aking that sound stage in any given room using some very basic processes. I=
t is NOT focused on balancing sound around a single point - such as a telev=
ision - where symmetry is a necessary requirement. Needs drive results, not=
results drive needs.=20

As to physics - system capacities have a very real effect on results as wel=
l. Good sound is a matter of moving sufficient air, sufficiently accurately=
to fool the listener into believing it is (at least) the first cousin of o=
riginal sound. That is the physics part. But if the system does not have th=
e power, for lack of a better word, to move that air, the entire exercise i=
s futile physics notwithstanding.=20

Peter Wieck
Melrose Park, PA
  #18  
Old May 20th 19, 12:09 PM posted to rec.audio.high-end
[email protected]
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Default Ways to make speakers go anywhere.

Peter Wieck > wrote:
> On Friday, May 17, 2019 at 10:49:44 AM UTC-4, wrote:
>
>> > a) It relies on symmetry.

>>
>> So does stereo.

>
> I think this is where we part ways. "Stereo" does not depend on
> symmetry at all. Were it to, a mono signal would suffice,


Of course it would not.

> and even be necessary. Stereo is about creating a sound stage that
> is wider than a single point using information developed from
> multiple sources when the recording is made.


Sure, but to do that requires two speakers, as similar as possible, in
a symmetrical arrangement.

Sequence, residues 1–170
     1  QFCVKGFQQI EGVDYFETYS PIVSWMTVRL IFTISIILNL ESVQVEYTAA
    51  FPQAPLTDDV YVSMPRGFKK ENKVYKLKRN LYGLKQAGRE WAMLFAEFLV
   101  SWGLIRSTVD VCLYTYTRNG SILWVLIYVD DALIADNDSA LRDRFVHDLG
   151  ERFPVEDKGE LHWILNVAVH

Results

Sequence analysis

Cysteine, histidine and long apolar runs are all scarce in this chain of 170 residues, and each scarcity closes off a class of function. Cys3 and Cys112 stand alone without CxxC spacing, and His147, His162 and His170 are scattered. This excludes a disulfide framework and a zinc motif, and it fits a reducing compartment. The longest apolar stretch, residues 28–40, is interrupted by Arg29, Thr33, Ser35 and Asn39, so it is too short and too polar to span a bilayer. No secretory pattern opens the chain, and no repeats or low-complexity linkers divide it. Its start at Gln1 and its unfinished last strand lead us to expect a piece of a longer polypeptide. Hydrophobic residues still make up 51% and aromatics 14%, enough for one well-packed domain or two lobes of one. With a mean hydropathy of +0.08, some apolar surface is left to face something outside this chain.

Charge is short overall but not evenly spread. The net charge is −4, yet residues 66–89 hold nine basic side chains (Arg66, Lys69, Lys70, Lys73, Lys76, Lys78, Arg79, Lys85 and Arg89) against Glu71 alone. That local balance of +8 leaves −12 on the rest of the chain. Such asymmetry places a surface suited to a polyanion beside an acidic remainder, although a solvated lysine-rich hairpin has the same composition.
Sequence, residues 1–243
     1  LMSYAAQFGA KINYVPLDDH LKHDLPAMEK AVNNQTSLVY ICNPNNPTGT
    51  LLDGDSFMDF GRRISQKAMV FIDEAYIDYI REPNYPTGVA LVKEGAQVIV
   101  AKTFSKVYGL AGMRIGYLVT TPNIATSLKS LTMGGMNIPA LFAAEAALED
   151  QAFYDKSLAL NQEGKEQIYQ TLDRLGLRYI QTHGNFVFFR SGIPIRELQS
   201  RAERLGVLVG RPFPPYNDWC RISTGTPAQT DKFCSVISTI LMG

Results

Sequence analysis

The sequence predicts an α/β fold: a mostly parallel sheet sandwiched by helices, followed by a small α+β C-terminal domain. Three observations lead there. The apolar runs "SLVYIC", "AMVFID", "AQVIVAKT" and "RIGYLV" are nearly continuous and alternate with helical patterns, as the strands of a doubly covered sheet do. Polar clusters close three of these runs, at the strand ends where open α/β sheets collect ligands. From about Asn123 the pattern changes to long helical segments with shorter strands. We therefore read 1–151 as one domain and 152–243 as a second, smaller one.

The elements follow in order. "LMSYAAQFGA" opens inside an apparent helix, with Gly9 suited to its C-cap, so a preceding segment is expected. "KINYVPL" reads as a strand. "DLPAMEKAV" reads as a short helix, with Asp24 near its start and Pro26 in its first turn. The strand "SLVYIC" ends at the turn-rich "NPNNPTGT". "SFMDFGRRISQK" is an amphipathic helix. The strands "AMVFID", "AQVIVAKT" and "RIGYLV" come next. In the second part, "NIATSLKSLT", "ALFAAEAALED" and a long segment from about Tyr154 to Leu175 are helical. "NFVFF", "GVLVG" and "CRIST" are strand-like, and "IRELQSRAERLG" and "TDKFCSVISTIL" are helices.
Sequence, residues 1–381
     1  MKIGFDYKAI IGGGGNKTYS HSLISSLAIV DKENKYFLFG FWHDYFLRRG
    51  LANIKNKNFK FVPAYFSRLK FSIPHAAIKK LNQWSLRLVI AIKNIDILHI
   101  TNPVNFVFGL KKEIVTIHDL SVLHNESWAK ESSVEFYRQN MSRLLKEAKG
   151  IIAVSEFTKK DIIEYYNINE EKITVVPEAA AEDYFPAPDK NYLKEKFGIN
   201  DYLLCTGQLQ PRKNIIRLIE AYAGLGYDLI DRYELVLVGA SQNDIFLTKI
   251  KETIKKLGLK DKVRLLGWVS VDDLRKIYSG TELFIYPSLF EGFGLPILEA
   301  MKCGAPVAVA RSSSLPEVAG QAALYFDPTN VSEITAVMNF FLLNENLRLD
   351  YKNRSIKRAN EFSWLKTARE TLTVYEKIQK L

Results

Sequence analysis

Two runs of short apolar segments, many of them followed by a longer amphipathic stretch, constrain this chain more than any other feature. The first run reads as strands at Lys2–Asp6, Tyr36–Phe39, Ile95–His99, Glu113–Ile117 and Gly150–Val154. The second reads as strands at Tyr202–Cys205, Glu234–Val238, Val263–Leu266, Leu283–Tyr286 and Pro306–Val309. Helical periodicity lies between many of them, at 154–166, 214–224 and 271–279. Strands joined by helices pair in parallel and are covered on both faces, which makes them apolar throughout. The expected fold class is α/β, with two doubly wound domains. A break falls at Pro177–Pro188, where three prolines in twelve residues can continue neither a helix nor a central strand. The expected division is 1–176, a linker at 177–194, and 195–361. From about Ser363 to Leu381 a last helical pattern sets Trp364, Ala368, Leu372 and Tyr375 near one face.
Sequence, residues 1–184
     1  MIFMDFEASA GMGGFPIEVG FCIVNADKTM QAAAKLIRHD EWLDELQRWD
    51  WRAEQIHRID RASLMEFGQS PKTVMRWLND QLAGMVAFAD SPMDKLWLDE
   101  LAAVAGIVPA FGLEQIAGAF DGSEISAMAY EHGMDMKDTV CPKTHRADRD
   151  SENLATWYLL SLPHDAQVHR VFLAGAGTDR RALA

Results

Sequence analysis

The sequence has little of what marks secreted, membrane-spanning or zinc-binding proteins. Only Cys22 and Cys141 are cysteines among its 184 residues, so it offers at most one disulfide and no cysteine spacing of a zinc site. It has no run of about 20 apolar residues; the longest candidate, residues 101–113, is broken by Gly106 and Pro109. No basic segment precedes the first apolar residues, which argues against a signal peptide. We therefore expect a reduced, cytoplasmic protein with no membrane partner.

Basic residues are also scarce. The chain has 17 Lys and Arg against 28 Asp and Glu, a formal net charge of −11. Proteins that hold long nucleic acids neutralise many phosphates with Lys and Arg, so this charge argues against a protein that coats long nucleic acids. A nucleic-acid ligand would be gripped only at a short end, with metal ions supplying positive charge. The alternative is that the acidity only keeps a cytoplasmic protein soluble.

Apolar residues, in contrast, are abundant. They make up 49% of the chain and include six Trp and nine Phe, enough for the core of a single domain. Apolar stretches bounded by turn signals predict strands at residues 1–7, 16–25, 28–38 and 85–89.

> The exercise in speaker placement from AR that I summarized is
> focused on making that sound stage in any given room using some very
> basic processes. It is NOT focused on balancing sound around a
> single point - such as a television - where symmetry is a necessary
> requirement. Needs drive results, not results drive needs.


> As to physics - system capacities have a very real effect on results
> as well.


Of course. Getting the basic physics right is necessary but not
sufficient. First, fix the room and the speaker placement. Most of the
points that Floyd Toole makes about rooms and speakers are true
regardless of the presence of a television.

> Good sound is a matter of moving sufficient air, sufficiently
> accurately to fool the listener into believing it is (at least) the
> first cousin of original sound. That is the physics part. But if the
> system does not have the power, for lack of a better word, to move
> that air, the entire exercise is futile physics notwithstanding.


Obviously so, yes, and this is not in contention. So why mention it?
What is the point?

Andrew.